PHILADELPHIA (CBS/AP) -- Philadelphia District Attorney Larry Krasner announced assault and announced assault and related charges against one man stemming from one of a number of protests of a now-covered Columbus statue in South Philly while suggesting "unequal application of the law" by police during the demonstrations. Krasner alleged that 58-year-old John Mooney repeatedly told a Black man who is a professional photographer "Get out of here, boy," before punching him in the face Tuesday evening at Marconi Plaza.
Mooney was charged with misdemeanor counts of ethnic intimidation, simple assault, reckless endangering and harassment.
Krasner said such incidents "continue to raise serious questions about policing and unequal application of the law" in the city. For the past month, he said, thousands have taken to the streets to demand equal justice and accountability for police and other institutions "and have done so without wielding bats, hammers, firearms, or racial epithets."
However, Krasner said, during altercations at the plaza and surrounding neighborhood "anti-racism protesters and journalists have been verbally and physically assaulted, in direct view of law enforcement officers who have – by the numbers – made far more arrests of protesters and journalists than they have of these bat-wielding, assaultive, and threatening individuals."
"Yet, during widely documented altercations in the Fishtown neighborhood and at Marconi Plaza in South Philly, anti-racism protesters and journalists have been verbally and physically assaulted, in direct view of law enforcement officers who have – by the numbers – made far more arrests of protesters and journalists than they have of these bat-wielding, assaultive, and threatening individuals," Krasner said. "It is no wonder, then, that Americans here and across the country have been marching non-stop since late May, following the murders of George Floyd and Breonna Taylor by police, to demand equal accountability and equal treatment under the law.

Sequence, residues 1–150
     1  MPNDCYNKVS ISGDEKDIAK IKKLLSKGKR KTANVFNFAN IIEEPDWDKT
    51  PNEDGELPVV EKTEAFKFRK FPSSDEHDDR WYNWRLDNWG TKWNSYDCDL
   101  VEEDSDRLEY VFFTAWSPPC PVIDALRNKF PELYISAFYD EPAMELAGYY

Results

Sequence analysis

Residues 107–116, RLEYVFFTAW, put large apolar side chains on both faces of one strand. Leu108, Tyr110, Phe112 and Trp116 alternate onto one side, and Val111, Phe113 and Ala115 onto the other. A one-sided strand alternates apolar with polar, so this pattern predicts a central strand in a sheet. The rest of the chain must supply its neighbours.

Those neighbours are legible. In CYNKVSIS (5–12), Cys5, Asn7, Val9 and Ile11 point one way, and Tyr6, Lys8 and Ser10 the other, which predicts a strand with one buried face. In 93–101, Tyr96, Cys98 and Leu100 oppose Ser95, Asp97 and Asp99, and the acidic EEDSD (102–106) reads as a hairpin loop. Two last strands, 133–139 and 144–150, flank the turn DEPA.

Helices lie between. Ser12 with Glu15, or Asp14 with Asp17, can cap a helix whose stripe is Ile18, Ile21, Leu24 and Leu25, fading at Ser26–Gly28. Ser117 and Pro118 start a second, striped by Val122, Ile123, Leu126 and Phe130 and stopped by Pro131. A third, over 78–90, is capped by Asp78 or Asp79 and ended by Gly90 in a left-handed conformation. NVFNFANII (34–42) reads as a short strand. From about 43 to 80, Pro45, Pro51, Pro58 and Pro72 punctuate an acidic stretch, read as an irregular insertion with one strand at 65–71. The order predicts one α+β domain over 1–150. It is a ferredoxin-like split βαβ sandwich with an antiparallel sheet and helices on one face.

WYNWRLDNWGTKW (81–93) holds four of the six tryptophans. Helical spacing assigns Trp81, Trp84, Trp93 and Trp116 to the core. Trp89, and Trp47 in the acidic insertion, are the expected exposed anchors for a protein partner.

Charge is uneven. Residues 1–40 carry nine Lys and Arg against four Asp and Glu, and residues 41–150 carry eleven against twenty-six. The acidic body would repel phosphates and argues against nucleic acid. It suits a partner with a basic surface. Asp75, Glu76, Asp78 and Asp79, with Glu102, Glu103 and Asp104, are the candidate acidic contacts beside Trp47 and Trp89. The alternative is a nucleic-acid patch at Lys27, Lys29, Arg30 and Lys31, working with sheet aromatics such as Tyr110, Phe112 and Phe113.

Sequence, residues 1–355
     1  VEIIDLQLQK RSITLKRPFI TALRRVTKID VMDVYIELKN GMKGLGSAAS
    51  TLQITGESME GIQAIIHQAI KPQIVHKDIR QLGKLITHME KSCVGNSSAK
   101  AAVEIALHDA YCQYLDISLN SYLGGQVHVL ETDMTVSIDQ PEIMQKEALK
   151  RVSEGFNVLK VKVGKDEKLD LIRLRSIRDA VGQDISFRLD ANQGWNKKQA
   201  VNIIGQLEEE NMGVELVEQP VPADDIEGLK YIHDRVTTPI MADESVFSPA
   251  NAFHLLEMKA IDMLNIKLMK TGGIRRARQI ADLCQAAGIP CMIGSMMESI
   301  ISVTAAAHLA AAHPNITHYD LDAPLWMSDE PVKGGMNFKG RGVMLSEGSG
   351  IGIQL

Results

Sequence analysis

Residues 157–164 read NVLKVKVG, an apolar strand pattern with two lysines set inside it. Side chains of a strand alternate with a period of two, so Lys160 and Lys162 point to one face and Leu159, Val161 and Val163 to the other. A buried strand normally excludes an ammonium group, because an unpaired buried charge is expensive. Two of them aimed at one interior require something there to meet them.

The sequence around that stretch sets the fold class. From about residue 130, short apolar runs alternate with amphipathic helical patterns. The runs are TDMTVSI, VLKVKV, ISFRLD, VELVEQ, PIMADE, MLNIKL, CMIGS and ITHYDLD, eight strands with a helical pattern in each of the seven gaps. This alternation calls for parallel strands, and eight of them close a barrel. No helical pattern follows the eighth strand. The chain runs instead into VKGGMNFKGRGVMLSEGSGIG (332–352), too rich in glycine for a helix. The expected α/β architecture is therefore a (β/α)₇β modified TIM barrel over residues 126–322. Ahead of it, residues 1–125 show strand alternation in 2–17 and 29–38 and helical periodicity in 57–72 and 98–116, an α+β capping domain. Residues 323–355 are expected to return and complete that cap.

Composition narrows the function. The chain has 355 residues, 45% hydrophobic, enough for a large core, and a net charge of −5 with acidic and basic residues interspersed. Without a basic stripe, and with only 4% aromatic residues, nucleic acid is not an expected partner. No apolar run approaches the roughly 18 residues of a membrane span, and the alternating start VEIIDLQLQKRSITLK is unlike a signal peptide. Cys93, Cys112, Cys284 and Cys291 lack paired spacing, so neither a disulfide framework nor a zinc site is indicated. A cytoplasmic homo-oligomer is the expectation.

"To the elected officials who are watching these mass demonstrations for justice, I say: Do what is right and deliver the accountability and the justice that the people demand. Protect journalists. Protect free speech. Stop protecting people who won't leave their bats at home."
The police department declined to comment on Wednesday. It wasn't immediately clear whether Mooney had an attorney.
The city last week built a wooden box around the Columbus statue following clashes between protesters and residents as Mayor Jim Kenney announced a process to decide its future.
The Philadelphia Inquirer reported that about 50 protesters who had walked south from an earlier protest over police funding were engaged by more than 100 men who had gathered wielding baseball bats and hammers. The men dropped the bats when protesters arrived, and the groups exchanged harsh words. Several members of each group soon began shoving each other, and at least one man was punched in the face, and two men — one from each group — were detained by police, the paper said.
Earlier Tuesday, police said 26 people were arrested and issued summary violations for failure to disperse in a demonstration at the city's Municipal Services Building near City Hall. A journalist was detained but later released and wasn't charged.
Kenney said in a Twitter post that he was "extremely disturbed" by video of the reporter's detention, which he said "may violate the law and (police) policy." He said that would be "fully investigated and addressed" and police said the entire incident was being investigated by Internal Affairs.
(© Copyright 2020 CBS Broadcasting Inc. All Rights Reserved. The Associated Press contributed to this report.)
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